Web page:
Stop right now and imagine a tween or young teen asking a total stranger to join her Air Care Team, while literally saying the words "Air Care Team." I really think that if a tween or young teen did that, an actual hole would open in the Earth and swallow her to save her from her embarrassment.

So, no, the girls don't love it, and neither do I, but we're doing it anyway, because they need a Cadette Journey under their belts before they can start their Silver Award projects, something that Will has about 14 months to complete. She'll need as many of those months as I can give her, so we are finishing this dang Journey this summer!

That being said, as with everything Girl Scouts, you can modify the Cadette Breathe Journey somewhat in order to fit with your own girls' interests. We'll be exchanging more sophisticated experiments for the simplistic ones detailed in the Journey (although, again, it's debatable if the science component is even required, so make your own judgment there), and our meteorology unit study intersects with it nicely, so we'll be completing that study as part of this Journey.

This particular project is a modification of the bath and beauty section of the Journey (which I am, again, not completely certain is required, but if you're going to jump through hoops, might as well jump through all of them, sigh...). The Cadette Breathe Journey as-written in the Leader Guide includes instructions for the girls to create aromatic bath bags, using dried lavender, and lotion, using rosewater and lime juice. My two girls aren't into baths and lotion, so instead we're going to create scented air and drawer fresheners (using my wool felt and essential oil air freshener tutorial here), and over the weekend we made the beeswax lip balm recipe from Beekeeper's Lab:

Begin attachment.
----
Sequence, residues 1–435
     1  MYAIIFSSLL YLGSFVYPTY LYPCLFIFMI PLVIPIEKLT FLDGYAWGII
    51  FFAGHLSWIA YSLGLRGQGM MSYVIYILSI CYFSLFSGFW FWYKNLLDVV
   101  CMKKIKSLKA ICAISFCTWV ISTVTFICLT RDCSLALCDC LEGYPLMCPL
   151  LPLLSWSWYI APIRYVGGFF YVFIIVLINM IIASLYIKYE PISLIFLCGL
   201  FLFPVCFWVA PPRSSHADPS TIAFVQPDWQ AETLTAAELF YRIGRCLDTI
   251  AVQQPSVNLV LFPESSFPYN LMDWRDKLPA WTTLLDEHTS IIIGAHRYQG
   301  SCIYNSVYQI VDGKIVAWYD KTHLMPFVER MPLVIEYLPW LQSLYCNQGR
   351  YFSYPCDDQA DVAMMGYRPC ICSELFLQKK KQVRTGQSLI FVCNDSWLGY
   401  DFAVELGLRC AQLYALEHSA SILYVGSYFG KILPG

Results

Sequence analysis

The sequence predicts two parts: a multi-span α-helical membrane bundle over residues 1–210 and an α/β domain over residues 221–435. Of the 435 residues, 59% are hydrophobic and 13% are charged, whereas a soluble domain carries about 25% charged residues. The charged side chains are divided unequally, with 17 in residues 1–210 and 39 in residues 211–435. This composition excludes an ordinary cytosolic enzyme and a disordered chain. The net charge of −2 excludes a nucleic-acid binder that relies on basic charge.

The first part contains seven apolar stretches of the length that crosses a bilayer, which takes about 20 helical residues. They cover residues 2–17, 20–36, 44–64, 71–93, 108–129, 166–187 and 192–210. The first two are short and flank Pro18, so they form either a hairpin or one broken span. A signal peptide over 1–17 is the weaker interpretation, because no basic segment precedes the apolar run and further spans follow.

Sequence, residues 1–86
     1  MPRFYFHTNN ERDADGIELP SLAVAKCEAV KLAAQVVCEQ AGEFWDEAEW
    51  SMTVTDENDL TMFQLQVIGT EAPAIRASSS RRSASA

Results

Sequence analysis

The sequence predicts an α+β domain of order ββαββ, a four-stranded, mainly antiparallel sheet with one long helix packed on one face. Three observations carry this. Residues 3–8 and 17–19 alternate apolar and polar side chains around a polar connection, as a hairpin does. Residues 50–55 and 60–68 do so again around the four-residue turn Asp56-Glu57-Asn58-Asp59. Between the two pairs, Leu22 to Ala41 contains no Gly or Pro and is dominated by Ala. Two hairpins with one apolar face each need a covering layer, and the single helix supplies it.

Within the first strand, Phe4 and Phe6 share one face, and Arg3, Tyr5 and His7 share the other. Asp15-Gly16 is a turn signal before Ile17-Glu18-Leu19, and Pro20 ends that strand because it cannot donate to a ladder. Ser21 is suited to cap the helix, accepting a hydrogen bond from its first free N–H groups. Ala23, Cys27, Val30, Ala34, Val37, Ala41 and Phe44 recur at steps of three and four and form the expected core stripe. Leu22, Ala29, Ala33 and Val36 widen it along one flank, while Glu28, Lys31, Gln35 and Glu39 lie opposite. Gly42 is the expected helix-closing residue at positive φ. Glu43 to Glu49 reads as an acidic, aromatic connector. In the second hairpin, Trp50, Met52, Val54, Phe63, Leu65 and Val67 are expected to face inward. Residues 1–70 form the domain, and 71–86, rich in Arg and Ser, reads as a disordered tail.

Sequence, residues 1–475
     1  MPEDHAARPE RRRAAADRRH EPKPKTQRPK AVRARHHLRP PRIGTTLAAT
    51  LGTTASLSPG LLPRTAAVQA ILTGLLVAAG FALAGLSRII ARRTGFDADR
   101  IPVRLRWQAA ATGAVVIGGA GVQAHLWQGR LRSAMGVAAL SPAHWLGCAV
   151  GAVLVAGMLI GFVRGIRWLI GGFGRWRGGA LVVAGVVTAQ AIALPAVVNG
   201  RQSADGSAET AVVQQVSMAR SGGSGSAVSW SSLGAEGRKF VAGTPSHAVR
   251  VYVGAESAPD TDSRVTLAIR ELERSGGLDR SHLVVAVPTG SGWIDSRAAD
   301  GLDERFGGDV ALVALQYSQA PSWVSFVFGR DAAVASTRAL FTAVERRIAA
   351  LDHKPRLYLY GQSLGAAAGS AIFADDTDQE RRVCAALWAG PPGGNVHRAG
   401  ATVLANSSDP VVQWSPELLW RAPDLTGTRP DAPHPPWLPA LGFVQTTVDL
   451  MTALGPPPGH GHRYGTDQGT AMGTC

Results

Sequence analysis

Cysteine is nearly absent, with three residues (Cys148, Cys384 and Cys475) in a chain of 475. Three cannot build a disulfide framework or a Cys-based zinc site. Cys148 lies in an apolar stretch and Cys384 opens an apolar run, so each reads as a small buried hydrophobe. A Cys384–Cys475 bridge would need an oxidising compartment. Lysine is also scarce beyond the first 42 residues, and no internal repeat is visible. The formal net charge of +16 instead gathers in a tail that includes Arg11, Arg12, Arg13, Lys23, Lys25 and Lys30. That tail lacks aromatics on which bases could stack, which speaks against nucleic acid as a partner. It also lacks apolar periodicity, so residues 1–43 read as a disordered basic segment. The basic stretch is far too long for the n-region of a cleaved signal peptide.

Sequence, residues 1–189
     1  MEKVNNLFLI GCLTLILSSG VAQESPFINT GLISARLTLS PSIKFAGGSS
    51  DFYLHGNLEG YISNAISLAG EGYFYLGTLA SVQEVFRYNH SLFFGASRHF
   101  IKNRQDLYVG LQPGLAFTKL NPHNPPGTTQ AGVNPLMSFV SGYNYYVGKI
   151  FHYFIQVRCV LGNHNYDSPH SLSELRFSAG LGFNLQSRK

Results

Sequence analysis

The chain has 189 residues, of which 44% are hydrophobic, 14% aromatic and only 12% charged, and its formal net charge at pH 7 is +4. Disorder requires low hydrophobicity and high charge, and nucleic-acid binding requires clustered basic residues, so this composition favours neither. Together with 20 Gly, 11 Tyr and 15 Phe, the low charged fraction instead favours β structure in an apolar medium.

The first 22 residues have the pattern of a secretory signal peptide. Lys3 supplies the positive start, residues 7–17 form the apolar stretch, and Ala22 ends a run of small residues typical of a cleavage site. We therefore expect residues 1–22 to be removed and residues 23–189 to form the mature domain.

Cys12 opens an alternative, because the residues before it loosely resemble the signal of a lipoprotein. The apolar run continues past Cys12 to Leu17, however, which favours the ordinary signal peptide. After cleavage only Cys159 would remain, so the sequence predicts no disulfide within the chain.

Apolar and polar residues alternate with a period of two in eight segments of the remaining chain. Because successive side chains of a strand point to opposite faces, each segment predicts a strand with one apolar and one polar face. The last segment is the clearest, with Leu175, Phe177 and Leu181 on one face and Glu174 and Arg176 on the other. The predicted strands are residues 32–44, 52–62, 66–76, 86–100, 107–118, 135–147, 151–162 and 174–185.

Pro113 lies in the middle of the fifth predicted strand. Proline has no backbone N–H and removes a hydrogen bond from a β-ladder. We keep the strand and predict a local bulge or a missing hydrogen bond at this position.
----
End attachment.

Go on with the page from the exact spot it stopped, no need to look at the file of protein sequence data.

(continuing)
Will and Luna also really like the Honey Dog Treats from this book, by the way.

I made a few modifications to the beeswax lip balm recipe, some of which worked and some of which didn't, lol. Instead of using lip balm tubes, I used a stash of little containers, very similar to these containers, that I already had on hand--yay for stash-busting!

I also already had the beeswax, lanolin, and sweet almond oil on hand from other projects, so I only needed to buy the Vitamin E oil--if you know of any other recipes that use Vitamin E oil, PLEASE tell me all about them!



The recipe calls for the use of a double boiler, but I already had my crafts-only crockpot out and filled with beeswax for an upcycled beer bottle candle project that I'm working on, so my Great Idea was to have the kids measure out all the cold ingredients first--



The recipe doesn't call for essential oils, but since we were using this as a recipe for the Breathe Journey, it needed some aromatherapy components. Part of this activity, then, included discussing which essential oils were safe for the skin and how you could conduct the research to make sure. We discussed essential oils in general and some of their specific properties in an earlier session, which I'll tell you about another time.
--and then add the hot beeswax and stir them together. I'd assumed that the beeswax would melt the cold ingredients, but the cold ingredients instead chilled the beeswax, so instead of saving time, I instead spent 40 minutes with these Mason jars of lip balm mix in the oven at 170 degrees, checking on them every five minutes to see if they'd melted. I couldn't just blast them or I'd ruin the qualities of the Vitamin E and essential oils already added, GRRRRRR!!!

Finally, though, they were melted and ready to be re-stirred and poured.

Before I tell you the next story, I have to preface it with the fact that I make the children do five sit-ups or five push-ups as discipline sometimes. I do it primarily for negative self-statements--think "I can't" or "I'm not good at," etc. It's just something super quick to break the cycle of negative thinking.